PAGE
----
Nearly six in ten Americans feel that democracy is threatened in the United States due to people being afraid to voice their opinions, and that 68 percent of Americans agree that people are overly sensitive and looking for ways to be offended, according to a new survey from the Foundation for Individual Rights in Education (FIRE).
The notion of “cancel culture” has become increasingly pervasive throughout the past few years, with 73 percent of respondents having heard the phrase. The concept involves people, brands, historical figures, and cultural works facing public repudiation by a woke mob that now considers them overtly offensive or “problematic.”
Among those familiar with the concept of cancel culture, almost 60 percent of them said that there is “a growing cancel culture that is a threat to our freedom,” according to the study, which surveyed 2,500 adult respondents.
The survey also found that effects associated with cancel culture have led to various levels of self-censorship and concern, FIRE said.
Nearly one-quarter of people surveyed are “fairly often” or “very often” afraid to state certain opinions for fear of losing their jobs or their standings in school, while 18 percent are “afraid to say what [they] believe” for fear of the potential consequences, the study found.
Moreover, eight percent admitted they often feel pressure to say things they don’t believe “in order to fit in.”
One especially consequential finding reveals that nearly three-quarters of respondents agreed that people can experience significant stress — to the point of even engaging in self-harm — due to public backlash against something they said.
“A lot of ink has been spilled debating cancel culture,” FIRE Vice President of Communications Nico Perrino said. “Do Americans see it as a serious cultural phenomenon? What’s its effect on free speech? We aimed to answer some of those questions with actual data. The verdict is in: Americans do see cancel culture as a significant cultural trend that has a real effect on the country’s free speech climate,” Perrino added.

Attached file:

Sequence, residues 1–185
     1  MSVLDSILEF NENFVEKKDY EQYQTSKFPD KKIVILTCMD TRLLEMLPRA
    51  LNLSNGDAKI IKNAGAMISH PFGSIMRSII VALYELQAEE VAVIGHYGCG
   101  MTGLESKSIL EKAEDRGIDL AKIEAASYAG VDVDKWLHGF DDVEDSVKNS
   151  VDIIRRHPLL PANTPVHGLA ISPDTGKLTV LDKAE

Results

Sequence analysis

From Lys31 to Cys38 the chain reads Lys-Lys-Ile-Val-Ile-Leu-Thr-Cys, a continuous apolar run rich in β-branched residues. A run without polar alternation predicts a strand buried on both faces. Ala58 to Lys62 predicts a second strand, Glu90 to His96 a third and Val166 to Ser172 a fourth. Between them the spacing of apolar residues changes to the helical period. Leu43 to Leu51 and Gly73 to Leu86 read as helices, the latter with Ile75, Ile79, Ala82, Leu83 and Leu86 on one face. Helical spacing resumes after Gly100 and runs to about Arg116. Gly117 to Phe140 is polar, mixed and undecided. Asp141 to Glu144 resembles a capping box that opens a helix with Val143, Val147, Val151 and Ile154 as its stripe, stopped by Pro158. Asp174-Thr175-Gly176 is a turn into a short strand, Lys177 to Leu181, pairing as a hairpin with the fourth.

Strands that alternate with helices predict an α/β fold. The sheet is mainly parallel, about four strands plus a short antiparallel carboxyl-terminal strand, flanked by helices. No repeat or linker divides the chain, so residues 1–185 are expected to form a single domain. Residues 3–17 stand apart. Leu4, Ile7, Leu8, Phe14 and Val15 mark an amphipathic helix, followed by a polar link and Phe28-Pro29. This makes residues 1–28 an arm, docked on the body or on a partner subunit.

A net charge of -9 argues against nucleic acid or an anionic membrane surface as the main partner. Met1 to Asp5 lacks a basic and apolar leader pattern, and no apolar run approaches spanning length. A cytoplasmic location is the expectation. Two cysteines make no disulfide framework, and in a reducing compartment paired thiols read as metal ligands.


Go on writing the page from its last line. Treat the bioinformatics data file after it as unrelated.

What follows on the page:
Additionally, 68 percent of Americans agreed that people are overly sensitive and looking for things to find offensive.
“Cancel culture isn’t just about what gets said and then punished. It’s also about what never gets said for fear of punishment,” Perrino said. The chilling effect of self-censorship is real — and can have an alarming effect on how Americans communicate.”
But when respondents were asked if they would support behavior often associated with cancel culture — such as firing or de-platforming people who say things that are considered hateful — about 50 percent of them said they supported one or more of these actions.
Perrino, however, explained that “a relative uneasiness with defending ‘hateful’ expression is nothing new.”
“These findings may provide a rough ceiling of support for cancel culture behavior, which doesn’t always involve allegedly hateful expression,” he added. “But before would-be censors get too excited, they should also understand that what one considers ‘hateful’ frequently varies widely based on one’s political views.”
Overall, general support for free speech principles was widespread, FIRE said, noting that 83 percent said that democracy can only thrive if there is free speech, and that slightly more than half (51 percent) said silencing people’s opinions — even those considered extreme — threatens progress.